LAURIE PALAU: No, I love it and it's true. And again, like everything, this isn't a judgment, we all have choices, and it has to come down to kind of what's a priority to you? What's a priority to your family? And again, you know, you have to put in the work at the beginning. And again, it's like when I organize a space, and I'm like, it gets worse before it gets better and you look at it, you're like, oh my gosh, what did I do? And it can feel foreign and uncomfortable and overwhelming, but then that becomes your new norm, right? We adapt to it. And when you start to notice, like when I gave up dairy and I, again, my taste buds adapted, and I was like, okay, but then when I noticed that my joints ached less and my ankles weren't swollen and I wasn't retaining, like I started, that was the motivation, and so I think whatever that is for you out there listening, when you can find that, you're like, wow, I am empowered to do this. And I think that your approach and your cookbook, specifically, makes it really easy and attainable for anybody. I mean, your French toast, hello!
HOLLAN HAMID: How amazing is that? And it's like, the truth is, is that's actually the original French toast recipe. Like a lot of the things we didn't have that abundance that we have now and so French toast literally was when from when people had stale bread and they couldn't eat it, they still had flour, they mixed it with water, how can you get a second life out of your bread? And as we became abundant in animal products, we started oh, it would be so much better if it had the yolk of an egg in it or some milk or butter for fat, right? But how yummy is that?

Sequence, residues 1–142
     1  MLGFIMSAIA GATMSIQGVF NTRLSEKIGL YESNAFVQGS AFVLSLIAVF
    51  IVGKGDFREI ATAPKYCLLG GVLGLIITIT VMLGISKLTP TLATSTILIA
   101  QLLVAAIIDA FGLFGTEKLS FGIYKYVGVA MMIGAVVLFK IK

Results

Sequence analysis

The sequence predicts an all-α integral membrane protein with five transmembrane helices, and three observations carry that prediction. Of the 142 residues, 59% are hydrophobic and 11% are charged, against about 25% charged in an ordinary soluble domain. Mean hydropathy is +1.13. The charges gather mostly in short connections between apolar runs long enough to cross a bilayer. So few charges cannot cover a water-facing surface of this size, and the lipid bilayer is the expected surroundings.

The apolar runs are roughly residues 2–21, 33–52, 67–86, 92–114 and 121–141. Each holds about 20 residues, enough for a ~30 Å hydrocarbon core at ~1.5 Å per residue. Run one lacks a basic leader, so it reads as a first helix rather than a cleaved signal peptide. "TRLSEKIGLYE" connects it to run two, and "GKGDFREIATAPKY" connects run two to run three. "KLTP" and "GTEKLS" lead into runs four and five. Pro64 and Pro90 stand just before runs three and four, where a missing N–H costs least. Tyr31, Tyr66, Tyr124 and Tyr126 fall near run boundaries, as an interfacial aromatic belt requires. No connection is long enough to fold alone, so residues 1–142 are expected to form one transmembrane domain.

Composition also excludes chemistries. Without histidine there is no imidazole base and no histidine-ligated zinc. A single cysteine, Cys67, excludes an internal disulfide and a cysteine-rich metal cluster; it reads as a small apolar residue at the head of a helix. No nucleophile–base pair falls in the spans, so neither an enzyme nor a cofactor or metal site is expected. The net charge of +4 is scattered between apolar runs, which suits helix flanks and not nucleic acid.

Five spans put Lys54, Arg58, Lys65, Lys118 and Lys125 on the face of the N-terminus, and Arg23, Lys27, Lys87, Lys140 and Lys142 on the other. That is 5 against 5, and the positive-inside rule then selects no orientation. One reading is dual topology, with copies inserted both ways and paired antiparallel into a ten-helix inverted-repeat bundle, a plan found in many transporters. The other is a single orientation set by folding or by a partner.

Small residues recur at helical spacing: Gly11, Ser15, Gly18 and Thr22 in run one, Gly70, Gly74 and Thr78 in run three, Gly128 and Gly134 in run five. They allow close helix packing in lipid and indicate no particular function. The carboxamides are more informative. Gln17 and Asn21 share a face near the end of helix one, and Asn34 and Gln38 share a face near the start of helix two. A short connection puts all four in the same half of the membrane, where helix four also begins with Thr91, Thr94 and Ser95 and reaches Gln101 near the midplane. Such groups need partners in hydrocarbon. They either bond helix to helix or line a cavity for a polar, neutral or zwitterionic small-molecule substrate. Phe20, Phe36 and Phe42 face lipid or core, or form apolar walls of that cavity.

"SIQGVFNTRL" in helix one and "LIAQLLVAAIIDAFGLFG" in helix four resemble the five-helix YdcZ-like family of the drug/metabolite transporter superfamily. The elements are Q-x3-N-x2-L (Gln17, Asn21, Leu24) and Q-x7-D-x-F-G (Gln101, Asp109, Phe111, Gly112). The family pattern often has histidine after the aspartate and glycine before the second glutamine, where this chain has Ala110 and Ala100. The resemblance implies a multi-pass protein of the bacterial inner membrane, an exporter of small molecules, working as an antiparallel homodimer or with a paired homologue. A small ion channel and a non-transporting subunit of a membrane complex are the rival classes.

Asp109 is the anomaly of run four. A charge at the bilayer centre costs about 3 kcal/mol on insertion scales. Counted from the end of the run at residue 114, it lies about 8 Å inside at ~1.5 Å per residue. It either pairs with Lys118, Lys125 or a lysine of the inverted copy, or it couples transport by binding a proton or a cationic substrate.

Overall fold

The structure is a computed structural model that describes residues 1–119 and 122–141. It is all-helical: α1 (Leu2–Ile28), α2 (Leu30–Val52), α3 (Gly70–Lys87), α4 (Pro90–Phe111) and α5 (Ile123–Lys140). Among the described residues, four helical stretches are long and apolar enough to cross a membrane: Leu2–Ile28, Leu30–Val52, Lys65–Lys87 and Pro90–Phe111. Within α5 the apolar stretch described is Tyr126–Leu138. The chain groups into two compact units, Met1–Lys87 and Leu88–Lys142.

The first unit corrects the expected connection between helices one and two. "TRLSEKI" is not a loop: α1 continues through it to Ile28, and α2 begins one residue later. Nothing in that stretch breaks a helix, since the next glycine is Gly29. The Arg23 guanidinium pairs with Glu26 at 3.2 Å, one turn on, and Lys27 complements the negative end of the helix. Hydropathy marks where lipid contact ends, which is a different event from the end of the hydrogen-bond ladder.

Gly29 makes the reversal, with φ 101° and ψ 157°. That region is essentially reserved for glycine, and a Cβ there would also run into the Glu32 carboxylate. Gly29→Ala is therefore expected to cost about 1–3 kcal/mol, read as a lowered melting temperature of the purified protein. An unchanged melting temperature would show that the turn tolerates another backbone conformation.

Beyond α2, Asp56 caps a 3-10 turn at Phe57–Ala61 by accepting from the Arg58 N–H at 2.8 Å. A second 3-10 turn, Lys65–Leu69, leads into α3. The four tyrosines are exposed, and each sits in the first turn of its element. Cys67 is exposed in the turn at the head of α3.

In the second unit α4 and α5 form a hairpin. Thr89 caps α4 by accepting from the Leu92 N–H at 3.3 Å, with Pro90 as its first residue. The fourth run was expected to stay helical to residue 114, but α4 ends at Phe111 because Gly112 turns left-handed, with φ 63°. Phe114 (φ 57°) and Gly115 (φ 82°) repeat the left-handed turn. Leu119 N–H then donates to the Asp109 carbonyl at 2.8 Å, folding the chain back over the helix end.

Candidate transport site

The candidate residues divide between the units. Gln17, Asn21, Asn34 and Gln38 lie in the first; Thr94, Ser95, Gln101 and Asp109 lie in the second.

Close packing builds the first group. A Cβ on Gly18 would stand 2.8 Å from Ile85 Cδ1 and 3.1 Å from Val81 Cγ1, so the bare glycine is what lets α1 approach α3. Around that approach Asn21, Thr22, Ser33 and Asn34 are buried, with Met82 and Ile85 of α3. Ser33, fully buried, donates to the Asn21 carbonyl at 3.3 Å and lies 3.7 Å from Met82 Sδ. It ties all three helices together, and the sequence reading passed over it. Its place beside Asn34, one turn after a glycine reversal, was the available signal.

LAURIE PALAU: Oh my God.
HOLLAN HAMID: I mean, I love that recipe, I'm just saying.
LAURIE PALAU: It's incredible. It's incredible. Seriously, people, like I am gonna, and I'm starting to get hungry also, because for me, it's approaching lunchtime. So I'm like I just want to, but again, the stuff is so great. And in terms of, you know, meal prep and shopping, like it's very simple because again, you're not looking at these like crazy ingredients that you have to go to 50 different stores, and most grocery stores today, maybe at least where I live, like I'm not shopping, like I don't have a, I live in a small little country town and I don't have a Whole Foods. I have a Trader Joe's.
HOLLAN HAMID: Me either.
LAURIE PALAU: So like for me, I'm shopping at the regular grocery store.
HOLLAN HAMID: Yeah.
LAURIE PALAU: You know, and I can find 99% of everything that you're putting, I can probably find 100%, but you know, there's always probably something you can't find so that's why I'm saying, you know, I can find the majority of things in a regular grocery store. So you don't have to go to like some super health food store or, you know, a specialty shop in order to get this stuff. It doesn't have to add any more to your day.